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Sweat Gland Carcinoma

Chambers, J Alan M.D., M.P.H.; Lipschitz, Avron H. M.D.; Petrisor, Daniel D.M.D., M.D.; Garcia-Mitchell, C Alejandra M.D.; Stepenaskie-Wolz, Shelly M.D.

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Plastic and Reconstructive Surgery: January 2009 - Volume 123 - Issue 1 - p 33e-35e
doi: 10.1097/PRS.0b013e31819056cc
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Sweat gland carcinoma was first reported in 1865 but remains poorly understood due to its rarity, heterogeneity of subtypes, and confusing nomenclature.

A 72-year-old man presented with a 15-cm ulcerated, firm, pedunculated lesion of his left axilla that had recently doubled in size after 20 years of relative indolence (Fig. 1). He reported no systemic signs of illness, weight loss, or functional impairment. The results of his neurovascular examination were normal and he had palpable axillary lymph nodes. A computed tomography scan showed no chest wall involvement or pulmonary metastasis. The core needle biopsy demonstrated a malignant epithelial neoplasm.

Fig. 1.
Fig. 1.:
A 15-cm ulcerated left axillary mass doubled in size over the previous year after 20 years of relative stability.

The mass was excised with 1-cm margins, and axillary lymphadenectomy was performed, followed by a pedicled latissimus dorsi flap and skin graft reconstruction. Pathologic analysis confirmed “hidradenocarcinoma with preexisting hidradenoma” with negative margins. All 35 lymph nodes were negative for malignancy.

Sweat gland carcinomas are rare, accounting for 0.005 percent of all malignant epithelial neoplasms.1 Lesions are typically a violaceous nodule, papule, or plaque, although other colors have been reported. Most occur in the head and neck, followed by the extremities; only occasionally do they appear on the trunk.

Age at presentation ranges from 1 to 86 years, with most cases occurring in the fifth to seventh decades of life. These tumors overall occur equally in both sexes, although certain subtypes appear to have a predilection for males or females. Most sweat gland carcinomas grow slowly, with patients frequently having delayed presentation of 5 years or more. Rapid growth often occurs in a previously slow-growing lesion, possibly due to malignant degeneration of an originally benign tumor.

Lymphatic metastasis typically occurs at a rate of 20 to 24 percent. Regional cutaneous metastasis and hematogenous spread have also been noted.2 Local recurrence occurs in 14 to 20 percent of cases.2 Most patients survive beyond 10 years and usually die of another cause, although notable exceptions of death within 6 months of diagnosis due to metastasis (to lymph node and lungs) have been reported.3

Controversy remains as to the most appropriate classification system. Table 1 outlines a system reported by Cruz that most readily accommodates the variety of names used in the literature.4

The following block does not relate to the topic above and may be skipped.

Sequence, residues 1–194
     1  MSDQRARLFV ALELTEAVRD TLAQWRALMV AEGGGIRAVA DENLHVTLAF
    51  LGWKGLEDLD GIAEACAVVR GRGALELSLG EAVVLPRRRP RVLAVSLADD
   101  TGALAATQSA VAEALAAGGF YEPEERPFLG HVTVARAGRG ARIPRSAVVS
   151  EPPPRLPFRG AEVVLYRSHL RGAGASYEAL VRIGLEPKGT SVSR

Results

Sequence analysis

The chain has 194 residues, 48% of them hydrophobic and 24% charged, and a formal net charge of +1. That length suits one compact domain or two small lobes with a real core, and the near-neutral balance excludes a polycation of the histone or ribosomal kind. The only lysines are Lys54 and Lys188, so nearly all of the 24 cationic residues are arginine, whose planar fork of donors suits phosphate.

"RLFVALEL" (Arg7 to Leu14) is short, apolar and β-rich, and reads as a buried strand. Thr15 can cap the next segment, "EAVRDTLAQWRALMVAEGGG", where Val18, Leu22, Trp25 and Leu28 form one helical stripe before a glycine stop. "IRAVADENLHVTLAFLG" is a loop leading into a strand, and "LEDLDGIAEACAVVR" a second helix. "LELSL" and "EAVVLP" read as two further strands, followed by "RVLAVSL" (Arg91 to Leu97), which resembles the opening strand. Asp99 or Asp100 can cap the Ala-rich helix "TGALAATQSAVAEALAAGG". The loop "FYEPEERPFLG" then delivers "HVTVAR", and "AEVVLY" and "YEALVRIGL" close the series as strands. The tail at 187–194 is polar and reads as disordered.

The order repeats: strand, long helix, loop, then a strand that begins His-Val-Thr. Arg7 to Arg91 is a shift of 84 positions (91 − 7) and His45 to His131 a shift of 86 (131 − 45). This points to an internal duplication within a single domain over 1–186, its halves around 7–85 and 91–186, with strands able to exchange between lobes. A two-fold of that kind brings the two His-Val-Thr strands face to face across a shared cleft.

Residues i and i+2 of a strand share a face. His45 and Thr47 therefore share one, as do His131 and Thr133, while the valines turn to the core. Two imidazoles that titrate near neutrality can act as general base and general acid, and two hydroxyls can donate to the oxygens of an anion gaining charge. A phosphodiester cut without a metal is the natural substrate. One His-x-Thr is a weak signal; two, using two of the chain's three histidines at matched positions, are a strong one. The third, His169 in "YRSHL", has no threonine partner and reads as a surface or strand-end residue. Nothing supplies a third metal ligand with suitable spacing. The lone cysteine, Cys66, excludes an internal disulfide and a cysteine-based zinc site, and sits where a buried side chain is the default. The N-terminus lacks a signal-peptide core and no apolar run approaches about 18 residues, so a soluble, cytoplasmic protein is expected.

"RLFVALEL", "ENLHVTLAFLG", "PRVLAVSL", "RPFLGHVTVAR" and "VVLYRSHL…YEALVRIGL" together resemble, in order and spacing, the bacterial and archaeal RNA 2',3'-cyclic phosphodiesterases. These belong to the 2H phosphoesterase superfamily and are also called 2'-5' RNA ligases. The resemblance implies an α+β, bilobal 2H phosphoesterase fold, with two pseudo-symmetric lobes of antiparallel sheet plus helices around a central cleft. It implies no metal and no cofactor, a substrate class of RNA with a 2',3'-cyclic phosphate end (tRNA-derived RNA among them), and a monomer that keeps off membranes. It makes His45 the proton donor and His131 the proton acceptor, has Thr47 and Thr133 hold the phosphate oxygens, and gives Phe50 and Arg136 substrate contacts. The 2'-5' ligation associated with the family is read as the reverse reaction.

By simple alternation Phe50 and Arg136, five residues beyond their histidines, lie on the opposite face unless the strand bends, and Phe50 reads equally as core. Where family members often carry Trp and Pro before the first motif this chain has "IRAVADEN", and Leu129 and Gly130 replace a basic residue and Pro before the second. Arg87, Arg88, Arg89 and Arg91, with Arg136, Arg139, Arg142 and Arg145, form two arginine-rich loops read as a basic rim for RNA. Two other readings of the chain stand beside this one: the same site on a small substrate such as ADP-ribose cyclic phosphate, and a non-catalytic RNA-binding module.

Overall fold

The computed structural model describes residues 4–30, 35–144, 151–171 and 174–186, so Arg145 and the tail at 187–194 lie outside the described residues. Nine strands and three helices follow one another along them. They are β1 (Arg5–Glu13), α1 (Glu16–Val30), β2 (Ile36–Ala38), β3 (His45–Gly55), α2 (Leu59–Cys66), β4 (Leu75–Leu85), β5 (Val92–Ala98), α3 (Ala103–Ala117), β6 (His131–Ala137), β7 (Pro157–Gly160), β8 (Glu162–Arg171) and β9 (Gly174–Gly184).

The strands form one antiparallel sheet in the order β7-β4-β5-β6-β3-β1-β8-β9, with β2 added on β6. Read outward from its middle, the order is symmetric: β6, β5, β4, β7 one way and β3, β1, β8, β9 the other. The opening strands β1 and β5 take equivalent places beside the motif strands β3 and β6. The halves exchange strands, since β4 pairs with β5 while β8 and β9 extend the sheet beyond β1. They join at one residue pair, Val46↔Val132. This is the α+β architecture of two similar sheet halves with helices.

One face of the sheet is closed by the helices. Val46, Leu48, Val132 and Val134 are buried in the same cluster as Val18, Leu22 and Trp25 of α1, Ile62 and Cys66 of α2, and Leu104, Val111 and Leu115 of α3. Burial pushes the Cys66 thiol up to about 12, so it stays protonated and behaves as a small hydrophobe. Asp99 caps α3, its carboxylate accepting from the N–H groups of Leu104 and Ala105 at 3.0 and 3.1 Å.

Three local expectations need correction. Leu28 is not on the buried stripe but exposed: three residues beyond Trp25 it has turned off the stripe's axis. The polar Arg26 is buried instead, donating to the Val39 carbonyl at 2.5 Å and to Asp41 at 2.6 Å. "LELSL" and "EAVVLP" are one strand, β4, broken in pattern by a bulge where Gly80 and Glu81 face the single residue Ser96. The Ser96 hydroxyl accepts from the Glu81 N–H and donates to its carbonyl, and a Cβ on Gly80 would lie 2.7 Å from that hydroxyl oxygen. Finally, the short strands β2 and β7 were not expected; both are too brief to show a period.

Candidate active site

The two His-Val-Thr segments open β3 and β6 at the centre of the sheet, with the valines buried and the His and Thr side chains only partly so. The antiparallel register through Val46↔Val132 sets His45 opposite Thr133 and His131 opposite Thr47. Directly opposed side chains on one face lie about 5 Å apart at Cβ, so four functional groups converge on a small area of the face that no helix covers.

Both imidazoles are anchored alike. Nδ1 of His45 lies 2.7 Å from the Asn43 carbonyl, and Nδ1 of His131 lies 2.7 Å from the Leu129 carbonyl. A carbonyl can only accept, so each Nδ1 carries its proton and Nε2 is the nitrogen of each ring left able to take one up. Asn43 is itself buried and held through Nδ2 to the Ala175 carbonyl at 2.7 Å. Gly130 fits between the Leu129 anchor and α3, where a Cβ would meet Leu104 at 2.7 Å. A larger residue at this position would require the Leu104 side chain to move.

Table 1
Table 1:
Modified Classification System

Wide local excision and evaluation of lymph node status via sentinel lymph node biopsy or regional lymphadenectomy are recommended. Radiotherapy is reserved for recurrence or metastatic lymph node involvement.2 Chemotherapy does not currently have a role in management, although administration of trastuzumab has been reported in a metastatic tumor with Her-2/neu gene amplification.5

As is typical for sweat gland carcinomas and for hidradenocarcinoma (malignant acrospiroma) in particular, this tumor manifested rapid growth and ulceration after two decades as an indolent, small lesion. Management of these tumors should include wide excision and evaluation for lymph node and pulmonary metastasis. Adjuvant radiation therapy is likely appropriate for cases with lymph node metastasis or high-grade tumors.


The authors have no commercial associations or financial disclosures with regard to the article.


The authors thank Tiffany Sun, B.S., for her assistance in procurement of data for the article.

J. Alan Chambers, M.D., M.P.H.

Avron H. Lipschitz, M.D.

Daniel Petrisor, D.M.D., M.D.

Department of Surgery

C. Alejandra Garcia-Mitchell, M.D.

Department of Plastic Surgery

Shelly Stepenaskie-Wolz, M.D.

Department of Pathology

University of Texas Southwestern Medical Center

Dallas, Texas


1. Wick W, Coffin M. Adnexal carcinomas of the skin: I. Eccrine carcinomas. Cancer 1985;56:1147–1162.
2. Hirsh L, Enterline H, Rosato E, et al. Sweat gland carcinoma. Ann Surg. 1971;174:283–286.
3. Hernandez-Perez E, Cestoni-Parducci R. Nodular hidradenoma and hidradenocarcinoma: A 10-year review. J Am Acad Dermatol. 1985;12:15–20.
4. Cruz DJ. Sweat gland carcinomas: A comprehensive review. Semin Diagn Pathol. 1987;4:38–74.
5. Nash JW, Barrett TL, Kies M, et al. Metastatic hidradenocarcinoma with demonstration of Her-2/neu gene amplification by fluorescence in situ hybridization: Potential treatment implications. J Cutan Pathol. 2007;34:49–54.

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